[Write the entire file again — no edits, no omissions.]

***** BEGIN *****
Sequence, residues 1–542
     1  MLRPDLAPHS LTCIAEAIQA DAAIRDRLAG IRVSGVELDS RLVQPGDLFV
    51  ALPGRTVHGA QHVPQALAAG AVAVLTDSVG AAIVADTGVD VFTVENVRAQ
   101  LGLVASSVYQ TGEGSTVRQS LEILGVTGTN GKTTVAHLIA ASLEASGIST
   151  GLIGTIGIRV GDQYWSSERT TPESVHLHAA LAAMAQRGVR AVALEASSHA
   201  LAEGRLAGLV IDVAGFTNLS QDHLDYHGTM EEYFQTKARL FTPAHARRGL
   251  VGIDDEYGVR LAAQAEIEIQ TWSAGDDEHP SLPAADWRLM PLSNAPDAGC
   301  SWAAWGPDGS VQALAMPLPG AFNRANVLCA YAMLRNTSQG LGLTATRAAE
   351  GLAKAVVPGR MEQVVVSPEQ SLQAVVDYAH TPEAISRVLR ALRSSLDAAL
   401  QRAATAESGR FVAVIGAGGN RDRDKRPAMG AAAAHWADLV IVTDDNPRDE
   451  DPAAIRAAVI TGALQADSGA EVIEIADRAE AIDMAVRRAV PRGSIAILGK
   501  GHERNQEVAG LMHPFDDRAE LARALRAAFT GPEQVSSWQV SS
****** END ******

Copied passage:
Sequence, residues 1–542
     1  MLRPDLAPHS LTCIAEAIQA DAAIRDRLAG IRVSGVELDS RLVQPGDLFV
    51  ALPGRTVHGA QHVPQALAAG AVAVLTDSVG AAIVADTGVD VFTVENVRAQ
   101  LGLVASSVYQ TGEGSTVRQS LEILGVTGTN GKTTVAHLIA ASLEASGIST
   151  GLIGTIGIRV GDQYWSSERT TPESVHLHAA LAAMAQRGVR AVALEASSHA
   201  LAEGRLAGLV IDVAGFTNLS QDHLDYHGTM EEYFQTKARL FTPAHARRGL
   251  VGIDDEYGVR LAAQAEIEIQ TWSAGDDEHP SLPAADWRLM PLSNAPDAGC
   301  SWAAWGPDGS VQALAMPLPG AFNRANVLCA YAMLRNTSQG LGLTATRAAE
   351  GLAKAVVPGR MEQVVVSPEQ SLQAVVDYAH TPEAISRVLR ALRSSLDAAL
   401  QRAATAESGR FVAVIGAGGN RDRDKRPAMG AAAAHWADLV IVTDDNPRDE
   451  DPAAIRAAVI TGALQADSGA EVIEIADRAE AIDMAVRRAV PRGSIAILGK
   501  GHERNQEVAG LMHPFDDRAE LARALRAAFT GPEQVSSWQV SS